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Likhachev And Ors v Mission Limited (CC 8 of 2013)  SCSC 99 (26 November 2013);
This ruling is in respect of a preliminary objection inlimine litis to the action against the defendants on the following grounds:
‘ (1) The plaintiff claims to be seeking under the Provisions of the Foreign Judgment (Reciprocal Enforcement) Act cap 85 see answers to particulars dated 1stJune 2013). In these circumstances, the action brought by plaint, but founded legally under section 4(1) of the Foreign Judgments (Reciprocal Enforcement) Act cap 85, if flawed procedurally, in that it contravenes section 4(1) of the above mentioned Act, in so far as it should have been brought by Petition.
(2) Subject to (1) above, the Plaint is also procedurally flawed for the reason that the Plaintiff seeks the registration of a judgment given against five defendants, as against three defendants only. The prayer to register a judgment as is (if at all possible in view of point one above of plea in limine litis and against all the parties, who should be made defendants in the action.
(3) Further to the above, the action is frivolous and vexatious and an abuse of the process of the court, in so far as the case is formulated and brought under the Foreign Judgments (Reciprocal Enforcement) Act Cap 85, has no chance whatsoever of succeeding, in that: the President has not extended the application of part 1 of the Foreign Judgment (Reciprocal Enforcement) Act Cap 85 (by order published in the Gazette) to the United States District for the District of Delaware, and consequently that judgment cannot be registered in the Supreme Court of Seychelles.”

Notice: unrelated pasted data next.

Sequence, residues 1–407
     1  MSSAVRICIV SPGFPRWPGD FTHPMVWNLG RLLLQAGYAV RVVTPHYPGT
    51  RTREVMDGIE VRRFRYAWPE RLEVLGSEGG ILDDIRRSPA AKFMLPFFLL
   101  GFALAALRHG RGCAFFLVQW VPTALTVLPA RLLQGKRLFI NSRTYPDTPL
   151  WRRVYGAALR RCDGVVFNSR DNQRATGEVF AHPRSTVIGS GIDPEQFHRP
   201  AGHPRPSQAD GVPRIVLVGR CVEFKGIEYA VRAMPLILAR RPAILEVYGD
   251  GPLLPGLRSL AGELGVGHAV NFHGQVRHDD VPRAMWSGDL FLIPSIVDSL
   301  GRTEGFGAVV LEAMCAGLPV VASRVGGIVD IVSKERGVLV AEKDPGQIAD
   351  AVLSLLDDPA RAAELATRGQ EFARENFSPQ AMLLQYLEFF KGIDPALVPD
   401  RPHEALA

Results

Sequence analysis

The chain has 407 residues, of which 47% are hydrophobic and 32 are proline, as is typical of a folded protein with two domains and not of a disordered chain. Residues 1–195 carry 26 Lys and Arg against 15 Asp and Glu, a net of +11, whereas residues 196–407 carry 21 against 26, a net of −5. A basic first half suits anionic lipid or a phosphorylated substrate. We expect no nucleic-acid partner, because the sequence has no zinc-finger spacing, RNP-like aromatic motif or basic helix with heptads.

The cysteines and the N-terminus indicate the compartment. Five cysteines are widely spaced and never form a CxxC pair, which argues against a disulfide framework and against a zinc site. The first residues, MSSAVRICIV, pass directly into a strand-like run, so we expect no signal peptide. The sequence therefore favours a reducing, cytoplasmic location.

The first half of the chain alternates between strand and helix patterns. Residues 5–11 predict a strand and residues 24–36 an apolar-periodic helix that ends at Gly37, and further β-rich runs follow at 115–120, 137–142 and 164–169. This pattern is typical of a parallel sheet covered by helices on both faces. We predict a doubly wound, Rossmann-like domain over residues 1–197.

At the hearing of this plea Mr Camille, learned counsel for the respondent, conceded at that this suit would stand no chance of success under the Foreign Judgments (Reciprocal Enforcement) Act, Cap 85. He changed tack and submitted that this suit is maintainable under section 227 of the Seychelles Code of Civil Procedure. He cited the case of Privatbanken Aktieselskab v Bantele 1978 SLR 226 which clearly explains the law on this point. Mr Pardiwalla, learned counsel for the applicants, responded that he is aware there are other avenues of enforcing foreign judgments such as now suggested by Mr Camille but had been specific in his request for further and better particulars and had raised this objection after being pointed to the Foreign Judgments (Reciprocal Enforcement) Act, Cap 85.
Now that it is fairly clear that it is possible to maintain this action under section 227 of the Seychelles Code of Civil Procedure I am satisfied that it can be maintained.
That leaves one point for consideration and that is whether the suit can be maintained against only three defendants rather than the five defendants. If only three defendants reside in Seychelles I see no reason why the other defendants that reside elsewhere over whom the Seychelles courts do not have jurisdiction need be made defendants to this action.
As Mr Camille was at fault to point Mr Pardiwalla to the wrong law I will order the respondent to bear the costs of this application. The application is otherwise dismissed.
Signed, dated and delivered at Ile Du Port this 26thday November 2013